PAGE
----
On Monday, Prime Minister Jacinda Ardern announced that our Level 4 lockdown would drop to Level 3 in a week. The reason is most of our nearly five million citizens did their essential work: staying home in their bubble, washing their hands and when they did go out for the limited reasons allowed, kept social distance. The result is that, as of Thursday of this week, there were only 3 new cases of infection identified, 8 people in hospital and only 370 active cases.
My musings this week have been about the nature of reality. To my surprise I realised reality is as slippery as an eel. As the video of the woman speaking to her future self makes clear reality has no permanence. There is no guarantee that today’s reality will be tomorrow’s. Just ask Scottish author Peter May. The screenwriter-turned-novelist wrote a book titled “Lockdown” in 2005 about a global pandemic. The book was rejected by publishers at the time for being too unrealistic. Fifteen years later, that’s our reality due to coronavirus, which has so far infected at least two million people globally. That’s a million more since we celebrated Easter last Sunday. May’s book is now being published. Today’s reality has made it disturbingly realistic.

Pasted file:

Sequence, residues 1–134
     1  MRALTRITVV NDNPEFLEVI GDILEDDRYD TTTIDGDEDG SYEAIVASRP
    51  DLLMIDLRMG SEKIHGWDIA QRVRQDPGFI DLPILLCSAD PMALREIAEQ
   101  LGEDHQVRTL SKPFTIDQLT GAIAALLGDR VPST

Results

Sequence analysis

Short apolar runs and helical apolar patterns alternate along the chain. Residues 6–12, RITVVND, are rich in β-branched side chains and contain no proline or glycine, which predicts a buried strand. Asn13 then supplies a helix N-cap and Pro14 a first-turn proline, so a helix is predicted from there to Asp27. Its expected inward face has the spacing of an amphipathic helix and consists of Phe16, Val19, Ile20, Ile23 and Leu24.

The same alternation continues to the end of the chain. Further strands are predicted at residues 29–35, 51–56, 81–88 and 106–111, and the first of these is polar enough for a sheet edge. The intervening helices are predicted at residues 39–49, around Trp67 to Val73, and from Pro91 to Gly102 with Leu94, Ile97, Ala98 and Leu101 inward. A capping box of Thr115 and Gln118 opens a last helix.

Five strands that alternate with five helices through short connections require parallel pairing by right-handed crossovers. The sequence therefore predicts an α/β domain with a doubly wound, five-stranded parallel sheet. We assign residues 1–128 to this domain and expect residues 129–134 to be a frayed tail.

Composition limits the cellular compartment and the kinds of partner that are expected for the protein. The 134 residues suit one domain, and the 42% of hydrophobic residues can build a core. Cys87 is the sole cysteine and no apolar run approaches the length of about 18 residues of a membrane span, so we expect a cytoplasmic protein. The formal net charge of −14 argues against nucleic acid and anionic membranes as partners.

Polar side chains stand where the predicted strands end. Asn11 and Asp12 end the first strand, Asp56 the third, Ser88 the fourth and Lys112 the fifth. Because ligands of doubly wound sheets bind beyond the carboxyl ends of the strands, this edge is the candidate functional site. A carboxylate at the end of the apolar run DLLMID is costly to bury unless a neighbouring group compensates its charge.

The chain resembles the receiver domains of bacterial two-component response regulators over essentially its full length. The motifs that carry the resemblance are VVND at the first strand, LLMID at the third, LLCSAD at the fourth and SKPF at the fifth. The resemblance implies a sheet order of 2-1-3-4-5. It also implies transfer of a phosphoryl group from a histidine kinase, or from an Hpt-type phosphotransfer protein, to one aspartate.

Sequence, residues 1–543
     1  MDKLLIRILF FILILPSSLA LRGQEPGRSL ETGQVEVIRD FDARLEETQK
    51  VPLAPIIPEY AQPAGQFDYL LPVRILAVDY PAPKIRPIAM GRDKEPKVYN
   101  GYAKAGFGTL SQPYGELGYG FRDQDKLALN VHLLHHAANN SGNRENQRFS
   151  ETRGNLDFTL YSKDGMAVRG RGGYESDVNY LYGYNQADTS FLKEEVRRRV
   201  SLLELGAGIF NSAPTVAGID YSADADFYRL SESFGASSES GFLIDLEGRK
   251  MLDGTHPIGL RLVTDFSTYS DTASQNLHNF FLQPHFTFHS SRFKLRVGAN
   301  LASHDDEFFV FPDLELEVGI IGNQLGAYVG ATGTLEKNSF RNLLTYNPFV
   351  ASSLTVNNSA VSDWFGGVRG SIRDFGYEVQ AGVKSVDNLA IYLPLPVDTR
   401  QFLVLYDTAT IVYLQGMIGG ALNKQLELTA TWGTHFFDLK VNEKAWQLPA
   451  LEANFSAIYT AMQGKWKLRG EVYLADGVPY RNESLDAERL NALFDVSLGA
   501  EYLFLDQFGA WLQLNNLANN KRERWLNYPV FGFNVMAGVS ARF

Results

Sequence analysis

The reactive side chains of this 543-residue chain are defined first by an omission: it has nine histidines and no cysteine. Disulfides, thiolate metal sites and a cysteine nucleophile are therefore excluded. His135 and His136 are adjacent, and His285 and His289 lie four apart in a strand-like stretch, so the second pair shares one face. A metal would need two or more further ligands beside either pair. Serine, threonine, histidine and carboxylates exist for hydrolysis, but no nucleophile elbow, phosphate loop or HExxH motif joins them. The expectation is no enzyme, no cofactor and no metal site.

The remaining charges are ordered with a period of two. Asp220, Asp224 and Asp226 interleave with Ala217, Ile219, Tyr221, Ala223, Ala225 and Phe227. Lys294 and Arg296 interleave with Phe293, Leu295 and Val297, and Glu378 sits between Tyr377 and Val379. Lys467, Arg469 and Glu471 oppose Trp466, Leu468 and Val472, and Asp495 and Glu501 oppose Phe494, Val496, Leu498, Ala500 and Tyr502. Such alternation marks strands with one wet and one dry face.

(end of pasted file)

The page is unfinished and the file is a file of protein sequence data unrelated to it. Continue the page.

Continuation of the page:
One of the blessings of now being a UU minister, having moved on from Anglicanism, is I don’t have to begin an Easter talk by explaining that the events of Passover and Easter are not history. They are stories, albeit powerful ones. They are not literally true. The blood of the lamb did not protect the Hebrew people from the plague killing Egypt’s first born. The bodily resurrection of Jesus did not take place. That means I can skip right to why the stories have been told for millennia. I can jump in with both feet as to why Unitarians should still tell them, even those of us who are dyed-in-the-wool humanists who have exchanged divinity for reason. Are we open to the possibility that these stories can draw us in and transform us anyway? Are these stories just old, dusty accounts from the past or might they still have some contemporary relevance if we can just shed, even if only for today, our disbelief?
My opening words are from Harry Potter and the Order of the Phoenix. Harry Potter is asked by his aunt Petunia:-
“Why were you lurking under our window?” “Yes – yes, good point, Petunia! What were you doing under our windows, boy?” demanded his uncle. “Listening to the news,” said Harry in a resigned voice. His aunt and uncle exchanged looks of outrage. “Listening to the news! Again?” “Well, it changes every day, you see,” said Harry.”
I don’t know about you but during this time no one alive has ever experienced before it feels like the news changes every hour. Trying to keep up with the horror of the virus that shall not be named is exhausting, so last week I took time to escape into fantasy, my favourite literary genre. I binged watched all seven of the Harry Potter movies.